Emergent irrigation and debridement has been accepted as a mainstay of open fracture treatment
. The purpose of this study was to evaluate the infectious outcome of open tibia
fractures relative to the time from injury to operative irrigation and debridement.
One hundred seventy-eight patients with 191 consecutive fractures were retrospectively reviewed. Of these, 103 patients with 106 fractures were available for this study, with an average follow-up of 10.23 months.
Results revealed 21.7% type I fractures, 43.4% type II fractures, 16.0% type IIIa fractures, 11.3% type IIIb fractures, and 7.5% type IIIc fractures. Of all fracture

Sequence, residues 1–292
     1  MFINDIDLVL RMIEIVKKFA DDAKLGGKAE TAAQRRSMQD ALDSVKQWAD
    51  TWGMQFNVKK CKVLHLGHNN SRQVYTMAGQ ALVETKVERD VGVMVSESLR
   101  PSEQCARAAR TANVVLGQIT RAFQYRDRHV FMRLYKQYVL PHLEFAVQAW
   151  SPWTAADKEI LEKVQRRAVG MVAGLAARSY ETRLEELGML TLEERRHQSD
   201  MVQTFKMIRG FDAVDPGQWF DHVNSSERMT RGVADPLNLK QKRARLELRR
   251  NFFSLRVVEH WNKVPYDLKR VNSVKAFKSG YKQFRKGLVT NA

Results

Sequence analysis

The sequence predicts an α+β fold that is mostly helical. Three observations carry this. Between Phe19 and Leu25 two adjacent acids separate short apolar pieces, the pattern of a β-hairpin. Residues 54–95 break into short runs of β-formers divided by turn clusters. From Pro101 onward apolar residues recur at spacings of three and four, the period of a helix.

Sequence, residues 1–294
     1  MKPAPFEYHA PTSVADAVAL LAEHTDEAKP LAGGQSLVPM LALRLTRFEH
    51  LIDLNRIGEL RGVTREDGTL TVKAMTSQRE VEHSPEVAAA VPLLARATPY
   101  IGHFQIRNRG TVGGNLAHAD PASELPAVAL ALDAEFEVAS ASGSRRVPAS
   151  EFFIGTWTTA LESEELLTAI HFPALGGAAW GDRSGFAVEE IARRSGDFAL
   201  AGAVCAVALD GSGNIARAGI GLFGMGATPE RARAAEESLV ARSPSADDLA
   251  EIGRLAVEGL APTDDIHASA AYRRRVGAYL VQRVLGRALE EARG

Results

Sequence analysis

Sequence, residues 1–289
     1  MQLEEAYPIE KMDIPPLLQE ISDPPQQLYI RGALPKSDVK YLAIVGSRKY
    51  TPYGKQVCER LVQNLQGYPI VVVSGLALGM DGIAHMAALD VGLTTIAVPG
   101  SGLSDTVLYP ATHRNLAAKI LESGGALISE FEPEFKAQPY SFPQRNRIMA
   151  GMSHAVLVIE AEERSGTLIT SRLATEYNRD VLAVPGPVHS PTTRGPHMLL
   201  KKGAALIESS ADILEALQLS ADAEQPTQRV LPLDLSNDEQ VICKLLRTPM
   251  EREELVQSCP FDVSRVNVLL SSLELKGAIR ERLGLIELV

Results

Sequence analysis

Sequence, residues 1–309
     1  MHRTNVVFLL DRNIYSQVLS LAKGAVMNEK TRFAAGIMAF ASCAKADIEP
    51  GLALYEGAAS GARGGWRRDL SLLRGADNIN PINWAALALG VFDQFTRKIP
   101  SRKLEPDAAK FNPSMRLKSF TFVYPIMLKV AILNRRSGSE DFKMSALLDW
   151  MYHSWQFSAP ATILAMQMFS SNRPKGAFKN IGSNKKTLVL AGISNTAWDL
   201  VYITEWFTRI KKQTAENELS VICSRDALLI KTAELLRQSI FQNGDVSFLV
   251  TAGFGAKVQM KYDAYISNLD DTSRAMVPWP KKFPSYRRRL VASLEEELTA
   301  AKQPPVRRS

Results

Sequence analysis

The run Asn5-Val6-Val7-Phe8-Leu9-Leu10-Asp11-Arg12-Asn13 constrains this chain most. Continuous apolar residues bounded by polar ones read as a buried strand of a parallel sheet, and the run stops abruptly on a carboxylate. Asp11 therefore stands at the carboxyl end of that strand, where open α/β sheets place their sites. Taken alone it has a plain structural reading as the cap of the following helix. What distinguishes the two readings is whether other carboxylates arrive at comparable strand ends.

types, 22.6% became infected and 5.7% went on to have osteomyelitis. The average time to treatment
was not significantly different in infected versus noninfected fractures across fracture
types. No infection
occurred when the time to surgery was within 2 hours; however, no significant increase in infection
was discovered with respect to patients treated after 6 hours compared with those treated within 6 hours.
The results support the Gustilo grading system of open
fractures as a significant prognostic indicator for infectious complication. We continue to support the emergent treatment
of open tibia